My Teaching Philosophy

In thinking about my emerging philosophy, the first question that I asked myself was, ‘What type of teacher do I want to be? A report from the Guardian Teacher Network (2015) suggests that there are four different types of teachers: the Idealist who wants to make a difference to student and society and sees social justice as a critical part of their role.  The Rationalist, who joins the profession to make a difference but also for practical reasons such as holidays and pay, the Moderate who is very ‘middle of the road’ teacher isn’t likely to raise strong opinions in the staff-room about anything and tends to go with the flow.download (1)

Lastly, there is the Practitioner who is mainly interested in contributing to the development of their own students. They are in the profession because they want to be teachers, they enjoy their craft and they are committed to the job. Practitioners are also strong believers in the importance of continued professional development.  Although I am mostly a Practitioner in terms of who I want to be as a teacher, there are some aspects of the Rationalist and the Idealist. Therefore, this is my statement of who I want to be as a teacher which will give shape to my emerging teaching philosophy.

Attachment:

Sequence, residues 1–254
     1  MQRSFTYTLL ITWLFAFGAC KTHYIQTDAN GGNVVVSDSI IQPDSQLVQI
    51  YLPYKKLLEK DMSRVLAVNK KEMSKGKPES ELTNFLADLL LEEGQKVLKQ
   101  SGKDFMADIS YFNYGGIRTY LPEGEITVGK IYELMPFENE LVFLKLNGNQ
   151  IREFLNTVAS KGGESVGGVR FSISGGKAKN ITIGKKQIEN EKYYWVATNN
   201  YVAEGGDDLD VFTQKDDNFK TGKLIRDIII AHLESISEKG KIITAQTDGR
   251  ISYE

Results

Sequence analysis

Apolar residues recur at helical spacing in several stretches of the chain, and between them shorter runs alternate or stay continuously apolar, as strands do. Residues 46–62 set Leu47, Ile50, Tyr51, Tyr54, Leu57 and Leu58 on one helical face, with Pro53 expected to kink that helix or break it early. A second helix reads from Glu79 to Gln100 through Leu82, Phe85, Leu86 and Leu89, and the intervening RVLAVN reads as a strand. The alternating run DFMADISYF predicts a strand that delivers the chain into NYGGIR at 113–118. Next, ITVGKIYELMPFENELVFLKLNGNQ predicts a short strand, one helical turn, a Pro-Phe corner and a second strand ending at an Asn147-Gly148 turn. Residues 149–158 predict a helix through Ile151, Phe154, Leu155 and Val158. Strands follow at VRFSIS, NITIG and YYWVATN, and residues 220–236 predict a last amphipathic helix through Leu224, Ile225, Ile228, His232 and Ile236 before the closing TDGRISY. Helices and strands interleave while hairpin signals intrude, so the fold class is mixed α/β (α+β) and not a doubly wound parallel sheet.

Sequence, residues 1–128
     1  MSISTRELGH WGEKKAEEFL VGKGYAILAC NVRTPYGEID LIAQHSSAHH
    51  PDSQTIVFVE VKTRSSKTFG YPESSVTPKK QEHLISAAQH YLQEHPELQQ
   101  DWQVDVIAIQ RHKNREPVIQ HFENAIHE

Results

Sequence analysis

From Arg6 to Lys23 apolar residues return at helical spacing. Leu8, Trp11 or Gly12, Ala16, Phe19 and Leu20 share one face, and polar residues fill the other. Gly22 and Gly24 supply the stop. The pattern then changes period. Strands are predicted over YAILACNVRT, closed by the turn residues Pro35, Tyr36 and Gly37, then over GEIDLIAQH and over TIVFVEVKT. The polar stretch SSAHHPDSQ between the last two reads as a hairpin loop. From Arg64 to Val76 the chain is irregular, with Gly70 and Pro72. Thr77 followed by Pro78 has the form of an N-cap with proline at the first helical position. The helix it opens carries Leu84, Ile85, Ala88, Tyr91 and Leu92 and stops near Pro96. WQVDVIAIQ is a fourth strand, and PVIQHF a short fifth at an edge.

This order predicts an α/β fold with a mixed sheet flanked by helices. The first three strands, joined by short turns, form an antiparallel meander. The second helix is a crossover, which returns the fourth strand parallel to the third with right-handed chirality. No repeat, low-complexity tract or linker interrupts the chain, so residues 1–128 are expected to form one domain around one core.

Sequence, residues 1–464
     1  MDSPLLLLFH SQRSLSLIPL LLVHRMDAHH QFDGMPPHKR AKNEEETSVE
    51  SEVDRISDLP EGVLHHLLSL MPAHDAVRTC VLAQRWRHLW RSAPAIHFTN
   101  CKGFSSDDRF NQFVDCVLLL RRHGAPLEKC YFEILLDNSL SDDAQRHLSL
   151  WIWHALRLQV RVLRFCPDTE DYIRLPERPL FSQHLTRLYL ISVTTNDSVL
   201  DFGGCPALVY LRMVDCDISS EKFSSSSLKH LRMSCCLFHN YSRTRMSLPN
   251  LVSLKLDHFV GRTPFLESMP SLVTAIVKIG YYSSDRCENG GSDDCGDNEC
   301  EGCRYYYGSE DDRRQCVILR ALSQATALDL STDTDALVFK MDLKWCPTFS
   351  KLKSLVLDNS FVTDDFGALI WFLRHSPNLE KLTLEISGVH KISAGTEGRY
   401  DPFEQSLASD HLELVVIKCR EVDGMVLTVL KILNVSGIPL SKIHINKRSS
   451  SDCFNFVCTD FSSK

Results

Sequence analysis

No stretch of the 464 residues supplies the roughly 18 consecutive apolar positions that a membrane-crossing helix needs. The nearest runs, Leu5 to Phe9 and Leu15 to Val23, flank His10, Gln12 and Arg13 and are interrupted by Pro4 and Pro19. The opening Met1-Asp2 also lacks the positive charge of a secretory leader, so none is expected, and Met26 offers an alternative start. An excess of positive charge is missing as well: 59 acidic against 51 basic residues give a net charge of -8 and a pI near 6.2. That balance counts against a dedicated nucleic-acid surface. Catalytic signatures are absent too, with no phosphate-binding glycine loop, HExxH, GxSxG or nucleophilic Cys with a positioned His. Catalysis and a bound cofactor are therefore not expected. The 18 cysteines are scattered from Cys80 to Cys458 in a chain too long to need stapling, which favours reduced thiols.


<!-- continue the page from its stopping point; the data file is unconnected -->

“I am a teacher who is interested in the holistic development of my students in the classroom.  My professional development is important so that I can be relevant and  current with the best practices in teaching and learning. I believe that I have a responsibility to ensure that all my students are treated equitably and respectfully despite race or socio-economic status”

I should also add that my teaching philosophy will never be static but will be shaped and honed as new paradigms in teaching/learning /technology and social consciousness emerges.

 

Julie N.